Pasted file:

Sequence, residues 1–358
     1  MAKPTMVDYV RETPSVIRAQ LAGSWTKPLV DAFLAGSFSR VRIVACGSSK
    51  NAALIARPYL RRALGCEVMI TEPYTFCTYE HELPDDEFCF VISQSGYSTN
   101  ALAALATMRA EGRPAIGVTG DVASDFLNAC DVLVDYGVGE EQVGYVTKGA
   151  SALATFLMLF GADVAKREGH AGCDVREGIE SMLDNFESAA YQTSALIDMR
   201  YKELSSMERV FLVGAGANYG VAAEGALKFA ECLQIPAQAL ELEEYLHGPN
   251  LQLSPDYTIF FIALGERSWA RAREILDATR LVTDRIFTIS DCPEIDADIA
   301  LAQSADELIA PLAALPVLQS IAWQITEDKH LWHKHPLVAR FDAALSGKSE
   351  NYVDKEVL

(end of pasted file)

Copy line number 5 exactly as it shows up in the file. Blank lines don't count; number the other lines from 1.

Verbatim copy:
   151  SALATFLMLF GADVAKREGH AGCDVREGIE SMLDNFESAA YQTSALIDMR